The music of Belgium is a cultural mix where Flemish Dutch-speaking and Walloon French-speaking traditions mix with those of German minorities and of immigrant communities from Democratic Republic of the Congo or other distant countries.
Early and classical music
Many of the major 15th- and 16th-century composers of the Franco-Flemish School—a current of vocal polyphony that played a central role in European art music of the time—were born and bred in the portion of the Low Countries that is situated in present-day Belgium, often in Hainaut. The late medieval composer and music theorist Johannes Ciconia (c. 1370–1412) had been born in Liège, but like many later Flemish polyphonists he spent much of his life working in Renaissance Italy. While it remains unclear why Flemish and other Netherlandish musicians exerted such a strong influence on Renaissance music throughout Europe (with a particularly strong axis developing between Liège and Rome), one possibility is the emphasis that was placed locally on music theory. Guillaume Dufay (c. 1397–1474), who was born near Brussels (he moved as a child to Cambrai, and also worked in Italy), was a key figure of the early 15th-century Burgundian School, and he was considered by his contemporaries to be the leading composer of the age. Another influential figure was Gilles Binchois (c. 1400–1460): probably born in Mons (or nearby Binche) he moved to Lille, the largest city of what is now French Flanders, and unlike many of his contemporaries, he maintained professional connections with the Burgundian court throughout his life. Johannes Ockeghem (c. 1410–1497) is also considered one of the leading composers of the 15th century; a native of Hainaut, he spent most of his career working for the French court.
The migration and influence of Netherlandish composers reached its height roughly between 1480 and 1520, in a period when talented musicians from Low Countries were recruited in courts and cathedrals across the continent, effectively providing the music school of Europe. The music of Josquin des Prez (c. 1450–1521) was considered an aesthetic model for much of the 16th-century High Renaissance; although referred to in his lifetime as a Frenchman (he worked in both France and Italy) he was probably born in Hainaut. Other influential composers of the period whose origins can be traces to the Belgian area of the Low Countries include Jacob Obrecht (c. 1457–1505), Pierre de La Rue (c. 1452–1518), Alexander Agricola (c. 1445–1506), and Gaspar van Weerbeke (c. 1445–c. 1516). Although the emigration of musicians from the Low Countries continued into the second half of the 16th century, the hegemony of Netherlandish influence was on the wane. One of the last truly influential figures of the era was Orlande de Lassus (c. 1532–1594). Another native of Mons, Lassus became one of the most versatile composers of the century, and (according to his entry in Grove) “the best-known and most widely admired musician in Europe.”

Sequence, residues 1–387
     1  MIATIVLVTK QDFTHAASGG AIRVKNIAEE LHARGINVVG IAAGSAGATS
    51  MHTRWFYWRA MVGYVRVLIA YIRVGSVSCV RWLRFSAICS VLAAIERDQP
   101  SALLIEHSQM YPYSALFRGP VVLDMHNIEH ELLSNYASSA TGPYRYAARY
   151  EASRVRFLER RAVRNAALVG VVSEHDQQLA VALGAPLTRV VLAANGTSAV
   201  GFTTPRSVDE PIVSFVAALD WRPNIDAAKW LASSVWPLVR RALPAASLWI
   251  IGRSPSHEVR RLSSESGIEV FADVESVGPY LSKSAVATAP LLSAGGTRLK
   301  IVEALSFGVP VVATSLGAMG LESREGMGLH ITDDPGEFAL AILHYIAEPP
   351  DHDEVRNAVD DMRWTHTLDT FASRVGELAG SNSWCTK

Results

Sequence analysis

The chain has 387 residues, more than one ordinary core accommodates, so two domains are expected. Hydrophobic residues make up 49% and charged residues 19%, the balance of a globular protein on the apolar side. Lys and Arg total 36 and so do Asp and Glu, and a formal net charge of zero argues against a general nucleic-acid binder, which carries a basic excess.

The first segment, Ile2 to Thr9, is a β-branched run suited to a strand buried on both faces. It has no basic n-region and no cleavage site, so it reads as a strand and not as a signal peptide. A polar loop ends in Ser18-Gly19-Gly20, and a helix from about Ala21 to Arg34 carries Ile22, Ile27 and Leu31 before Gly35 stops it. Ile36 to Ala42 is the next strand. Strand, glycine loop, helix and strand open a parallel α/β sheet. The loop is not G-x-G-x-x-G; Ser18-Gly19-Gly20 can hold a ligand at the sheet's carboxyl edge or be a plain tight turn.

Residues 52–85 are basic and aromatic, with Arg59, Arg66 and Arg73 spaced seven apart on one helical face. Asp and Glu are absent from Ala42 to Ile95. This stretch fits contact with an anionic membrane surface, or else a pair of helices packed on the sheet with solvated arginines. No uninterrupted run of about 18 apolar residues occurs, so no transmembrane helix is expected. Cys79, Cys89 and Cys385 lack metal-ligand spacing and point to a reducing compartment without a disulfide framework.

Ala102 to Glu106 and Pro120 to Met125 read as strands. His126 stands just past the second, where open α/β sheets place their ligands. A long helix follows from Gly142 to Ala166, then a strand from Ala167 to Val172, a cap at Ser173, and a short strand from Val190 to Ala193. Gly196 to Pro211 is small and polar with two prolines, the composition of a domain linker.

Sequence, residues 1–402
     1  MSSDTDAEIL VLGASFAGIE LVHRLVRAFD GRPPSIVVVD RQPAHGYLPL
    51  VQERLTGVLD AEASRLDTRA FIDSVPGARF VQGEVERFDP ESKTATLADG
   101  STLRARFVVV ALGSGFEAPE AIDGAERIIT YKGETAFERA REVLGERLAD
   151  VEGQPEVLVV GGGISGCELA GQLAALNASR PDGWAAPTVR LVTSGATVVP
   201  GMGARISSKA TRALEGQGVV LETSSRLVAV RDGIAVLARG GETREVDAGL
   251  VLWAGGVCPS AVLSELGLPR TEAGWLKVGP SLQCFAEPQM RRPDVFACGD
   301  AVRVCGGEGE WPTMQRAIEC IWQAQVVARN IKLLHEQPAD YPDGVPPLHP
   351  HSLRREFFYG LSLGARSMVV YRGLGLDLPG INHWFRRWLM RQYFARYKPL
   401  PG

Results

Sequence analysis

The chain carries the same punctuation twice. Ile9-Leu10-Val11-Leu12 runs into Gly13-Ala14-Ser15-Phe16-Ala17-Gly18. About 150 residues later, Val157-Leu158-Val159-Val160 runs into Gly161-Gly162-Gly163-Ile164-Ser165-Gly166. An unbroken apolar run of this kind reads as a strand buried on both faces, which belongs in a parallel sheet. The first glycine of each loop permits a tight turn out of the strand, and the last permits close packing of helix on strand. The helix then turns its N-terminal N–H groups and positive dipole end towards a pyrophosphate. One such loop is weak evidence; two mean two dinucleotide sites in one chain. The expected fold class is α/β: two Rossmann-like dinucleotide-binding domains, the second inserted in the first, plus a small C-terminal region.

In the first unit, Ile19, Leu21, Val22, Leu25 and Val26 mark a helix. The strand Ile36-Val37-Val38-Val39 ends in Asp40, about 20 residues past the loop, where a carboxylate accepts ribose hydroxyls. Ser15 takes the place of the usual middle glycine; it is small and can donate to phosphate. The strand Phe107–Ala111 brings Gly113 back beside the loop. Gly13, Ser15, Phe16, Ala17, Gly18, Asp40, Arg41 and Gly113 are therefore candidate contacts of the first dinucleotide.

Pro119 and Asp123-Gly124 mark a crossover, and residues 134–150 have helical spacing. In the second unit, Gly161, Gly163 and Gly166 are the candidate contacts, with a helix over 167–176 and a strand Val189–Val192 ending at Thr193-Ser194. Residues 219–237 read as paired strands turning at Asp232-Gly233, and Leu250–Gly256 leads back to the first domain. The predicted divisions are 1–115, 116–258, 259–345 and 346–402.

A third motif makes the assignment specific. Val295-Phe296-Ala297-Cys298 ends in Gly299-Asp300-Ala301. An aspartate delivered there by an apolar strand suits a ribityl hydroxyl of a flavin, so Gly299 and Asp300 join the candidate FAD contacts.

André Ernest Modeste Grétry was the most famous composer – born in what is now called Belgium – of the 18th century. The 19th century supplied composers like Henri Vieuxtemps, César Franck, Guillaume Lekeu and Eugène Ysaÿe. At the end of the 20th century the most notable Belgian composers were Piet Swerts and Wim Mertens.
In the field of opera, baritones Jules Bastin and José van Dam have become the most famous and internationally successful Belgian opera singers. In the lighter classical genre, Flemish singer Helmut Lotti reached international success with his interpretations of popular opera songs for large audiences.
In the late 20th and early 21st centuries, Belgian artists like Wieland Kuijken and Marcel Ponseele contributed to the Historically informed performance of baroque music, with their ensembles La Petite Bande and il Gardellino.
Jazz and blues
In the 1930s, the Belgian gypsy guitarist Django Reinhardt became one of the first important jazz musicians to be born in Europe, and one of the most important jazz guitarists of all time. In 1949 Toots Thielemans joined a jam session in Paris with Sidney Bechet, Charlie Parker, Miles Davis, Max Roach and others. He moved to the US in 1952 where he was a member of Charlie Parker’s All-Stars. Toots Thielemans is often credited by jazz aficionados and jazz critics to be the greatest jazz harmonica player of the century. His music has been used in films like Midnight Cowboy and Turkish Delight, and television series such as Sesame Street and Baantjer. Other well known Belgian artists are Aka Moon, Bobby Jaspar, Bert Joris, Philip Catherine, Steve Houben, Octurn and René Thomas.
Folk and other traditional music